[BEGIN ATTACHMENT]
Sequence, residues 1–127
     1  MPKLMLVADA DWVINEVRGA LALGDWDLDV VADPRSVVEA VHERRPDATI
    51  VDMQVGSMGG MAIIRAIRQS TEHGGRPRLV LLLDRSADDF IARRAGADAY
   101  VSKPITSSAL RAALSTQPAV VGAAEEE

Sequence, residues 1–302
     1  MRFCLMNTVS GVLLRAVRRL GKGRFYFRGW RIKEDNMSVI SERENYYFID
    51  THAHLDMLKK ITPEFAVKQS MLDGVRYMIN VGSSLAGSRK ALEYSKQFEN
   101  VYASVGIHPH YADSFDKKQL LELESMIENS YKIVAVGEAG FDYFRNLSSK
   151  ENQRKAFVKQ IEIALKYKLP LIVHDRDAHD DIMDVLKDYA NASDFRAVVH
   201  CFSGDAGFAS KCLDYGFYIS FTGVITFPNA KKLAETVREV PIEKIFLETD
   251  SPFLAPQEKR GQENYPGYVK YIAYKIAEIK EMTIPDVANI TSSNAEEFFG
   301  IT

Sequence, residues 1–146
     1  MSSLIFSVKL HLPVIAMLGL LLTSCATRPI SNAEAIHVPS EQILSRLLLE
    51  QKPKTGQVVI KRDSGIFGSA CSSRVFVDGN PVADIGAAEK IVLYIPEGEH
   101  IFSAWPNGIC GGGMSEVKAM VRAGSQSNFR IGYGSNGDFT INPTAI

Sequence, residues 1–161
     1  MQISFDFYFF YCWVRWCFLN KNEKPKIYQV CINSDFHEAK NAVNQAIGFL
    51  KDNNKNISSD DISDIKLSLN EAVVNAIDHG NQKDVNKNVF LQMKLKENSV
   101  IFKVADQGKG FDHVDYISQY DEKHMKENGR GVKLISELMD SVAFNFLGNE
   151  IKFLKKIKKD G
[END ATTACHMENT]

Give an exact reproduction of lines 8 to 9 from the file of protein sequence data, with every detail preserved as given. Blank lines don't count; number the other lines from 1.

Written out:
   101  VYASVGIHPH YADSFDKKQL LELESMIENS YKIVAVGEAG FDYFRNLSSK
   151  ENQRKAFVKQ IEIALKYKLP LIVHDRDAHD DIMDVLKDYA NASDFRAVVH